commscope.White Paper (Continued) Figure 3a: Co-polarized Radiation Pattern Coverage of correctly designed integrated OMT assembly compared with poorly designed components against mandatory FCC and ETSI regulatory specifications Figure 3b: Cross-polarized Radiation Pattern Coverage of correctly designed integrated OMT assembly compared with poorly designed components against mandatory FCC and ETSI regulatory specifications. Page 4 of 7 .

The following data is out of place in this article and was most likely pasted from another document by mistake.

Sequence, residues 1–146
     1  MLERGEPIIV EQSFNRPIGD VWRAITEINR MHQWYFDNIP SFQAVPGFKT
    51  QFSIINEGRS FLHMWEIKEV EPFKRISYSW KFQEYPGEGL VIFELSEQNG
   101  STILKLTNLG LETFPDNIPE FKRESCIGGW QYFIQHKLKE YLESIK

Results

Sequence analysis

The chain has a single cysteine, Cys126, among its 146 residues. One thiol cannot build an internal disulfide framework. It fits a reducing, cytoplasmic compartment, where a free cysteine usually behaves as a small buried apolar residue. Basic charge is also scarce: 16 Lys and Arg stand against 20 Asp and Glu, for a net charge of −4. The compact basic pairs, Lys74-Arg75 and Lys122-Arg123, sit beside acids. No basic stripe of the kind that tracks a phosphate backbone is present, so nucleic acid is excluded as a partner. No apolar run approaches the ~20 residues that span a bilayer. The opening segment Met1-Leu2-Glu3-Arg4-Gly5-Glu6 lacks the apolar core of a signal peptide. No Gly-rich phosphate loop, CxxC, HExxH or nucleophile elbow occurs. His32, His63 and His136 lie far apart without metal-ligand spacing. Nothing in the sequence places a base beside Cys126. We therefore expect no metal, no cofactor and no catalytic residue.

Moisture ingress into the microwave path will lead to significant losses in link performance and can result in missing availability targets. Leasing an approved testing facility with the associated personnel typically costs $3. ensuring the mechanical integrity of an environmental seal is as straightforward as performing a simple pressure leak test. Such information is of course readily available to the antenna designer/manufacturer who owns the design. Of special concern is the point at which the radio/OMT assembly attaches to the antenna at or adjacent to the microwave interface. The most likely solution will be to replace both the antenna and integration unit. will be unmistakable in time. When multiplied by the number of frequency bands that must be tested and the various combinations of radios/OMTs/antennas that must be confirmed. the risk of moisture ingress is present. Therefore. It is therefore incumbent on them to ensure that the required performance parameters are achieved. What is more. For any single isolated component such as an OMT. RF leakage poses a significant risk to the performance of an integrated radio system and must be eliminated at the design stage. Moisture Ingress—another hidden menace With any integrated assembly. the process quickly becomes cost-prohibitive. however.White Paper (Continued) Potential Consequences of RF Leakage: • Degradation of carrier/noise ratio (C/N) can lead to bit errors in systems using stringent high capacity modulation schemes • Non-compliance to published specifications • Non-compliance to mandatory regulatory specifications such as FCC and ETSI • Non-compliance to Conformity to Harmonized Standards (in the EU) prevent the use of the ‘CE’ mark on the assembly. Unfortunately. there is no redundancy or protection within an integrated system to mitigate against the effects of moisture ingress. but also ready access to the mandatory test regime. so the loss in link performance will affect both Page 5 of 7 . www. and confirmed by RF testing as an assembly. is at a significant disadvantage. Because of the sophistication and cost of the testing involved the majority of third party waveguide component manufacturers do not have this ability. the third-party is at a considerable disadvantage when it comes to developing and evaluating ‘add-on’ devices such as an OMT solution for an antenna integration compared with the reputable antenna manufacturer who not only has the design expertise. To accurately and precisely engineer the seal with the requisite integrity requires intimate details of the mating parts during the design stage. A poorly designed ineffectual environmental seal at the OMT/Antenna interface may not be detected during or even immediately after installation.commscope. The impact. Clearly. is far more involved and no less important when it comes to the design and verification processes. who does not have access to the design details of the antenna. it is the radio OEM who will take ultimate responsibility for the declaration of compliance to harmonized standards for the complete integrated radio system. The third-party supplier. the OMT/Antenna interface is in the common RF path.000 or more per day. Confirming the integrity of multiple seals in an integrated system. That cost rises substantially if the system is to be labelled with the CE mark in the EU. the antenna designer/manufacturer is best suited to provide directly compatible parts for the integration. Such information is readily accessible for the antenna to radio integration package from the reputable antenna manufacturers who perform the overall design and qualification of their own Integrated Products as part of their Product Development Process (as required by for example ISO9000). In Europe.